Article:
On the facts the above desciption doesn't describe behavior in the network at the moment-- e.g. backlog isn't there, and substantial amounts of the funds that went into the DOS attack paid for outputs, not fees.
The scheme you describe is scale-free; I see you clarified in later messages that you think the "solution" is dyanmic controls rather than a removal of limit but the bold increase blocksize response in your initial is quite confusing-- more than half your text is spent spinning hyperbole, it would have been much more useful to spend that text on describing what you're actually talking about.
Perhaps most importantly, it does not make a case that the attacker produces increased income relative to his hashpower. Consider:
Lets imagine your mine with half hashpower. Lets imagine that a block can contain 6000 transactions. Attacker has 1/2 hashpower. Offered load is 4000 tx/block.
Attacker crafts 2000/tx block at 1coin/tx fee level. Making the rest match him (plus episilon, which we'll disregard).
His average cost for spam is 1000 coin/block (2000 * 1-rate).
His average income is 2000 coin/block (4000 * rate). (He doesn't get income from his spam, he saves its cost however; see prior line)
His net income is 1000 coins/block, on average.
Now consider the consolidation of other miners:
Their average cost for spam is 0.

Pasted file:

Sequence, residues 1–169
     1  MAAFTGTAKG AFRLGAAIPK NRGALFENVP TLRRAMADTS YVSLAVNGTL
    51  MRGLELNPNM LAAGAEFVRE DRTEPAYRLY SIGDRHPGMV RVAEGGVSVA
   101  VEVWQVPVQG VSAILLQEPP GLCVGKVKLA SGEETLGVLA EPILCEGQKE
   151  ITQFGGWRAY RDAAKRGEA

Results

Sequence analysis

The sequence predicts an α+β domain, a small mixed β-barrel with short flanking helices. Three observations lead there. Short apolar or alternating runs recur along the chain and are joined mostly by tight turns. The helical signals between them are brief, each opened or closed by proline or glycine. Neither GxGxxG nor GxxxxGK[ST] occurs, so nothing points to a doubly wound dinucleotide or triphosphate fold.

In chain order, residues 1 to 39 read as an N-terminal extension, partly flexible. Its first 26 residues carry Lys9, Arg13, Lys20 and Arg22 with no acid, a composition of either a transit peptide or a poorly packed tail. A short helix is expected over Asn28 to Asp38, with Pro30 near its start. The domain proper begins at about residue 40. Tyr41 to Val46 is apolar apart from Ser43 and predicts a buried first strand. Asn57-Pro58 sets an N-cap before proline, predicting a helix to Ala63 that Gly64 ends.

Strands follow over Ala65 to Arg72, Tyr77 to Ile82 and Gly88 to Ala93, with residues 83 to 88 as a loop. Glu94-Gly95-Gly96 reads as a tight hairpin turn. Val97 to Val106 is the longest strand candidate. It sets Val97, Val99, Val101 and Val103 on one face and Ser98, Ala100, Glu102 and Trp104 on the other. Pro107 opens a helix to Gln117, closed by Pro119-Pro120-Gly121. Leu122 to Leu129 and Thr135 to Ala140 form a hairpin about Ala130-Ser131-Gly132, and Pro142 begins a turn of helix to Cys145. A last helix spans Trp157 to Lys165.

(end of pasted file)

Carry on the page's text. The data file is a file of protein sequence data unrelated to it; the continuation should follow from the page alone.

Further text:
Their average income is 3000 coin/block (6000 * (1-rate)).
Their net income is 3000 coin/block.
Both groups have 50% hashrate, so the non-attacking miner has a fee income of three times greater the attacking miner per unit hashrate!
Normalized for hashrate thats 2000 vs 6000.
Lets instead imagine that there is also a backlog of fees episilon beflow the attackers floor, and he mines those instead of his own and that doing this doesn't somehow eliminate the floor effect:
Attacker average cost for spam is 1000 coin/block (2000*1-rate)
Attacker income is 3000 coin/block (6000 * rate)
Attacker net income is slightly under 2000 coins/block, on average.
Honest miners cost for spam 0.
Honest miners income is 3000 coins/block (6000*(1-rate))
Their net income is 3000 coins/block.
Again doesn't work.
We can work this for any other size, say and attacker with 40%:
Attacker cost for spam is 1200 coin/block (2000*(1-rate))
Attacker income is 1600 coin/block (4000*rate)
Attacker net income is 400 coin/block
Honest miners cost for spam is 0 coin/block
Honest miner income is 3600 coin/block (6000*(1-rate))
Honest miner net income is 3600 coin/block.
Normalized for rate, thats 1000 vs 6000.
Finally, we already know that the system is not incentive compatible when a single party (or collaborating conspiracy) has more than 1/3rd of the hashrate: http://arxiv.org/abs/1311.0243
(The results below 1/3rd require information asymetry advantages which are handwavy, but at 1/3rd or beyond no such asymetry is required)-- though such attacks are highly conspicious.
At best, this attack allows a sizable minority group of miners to engage in price fixing without running out of money, under the constraint that legitimate transactions are still wiling to pay enough to fill half the block.
Exactly, like anyone they can generate transactions to drive up fees; large miner hashpower gets a discount on fees; but they still lose funds; and everyone else shares the income.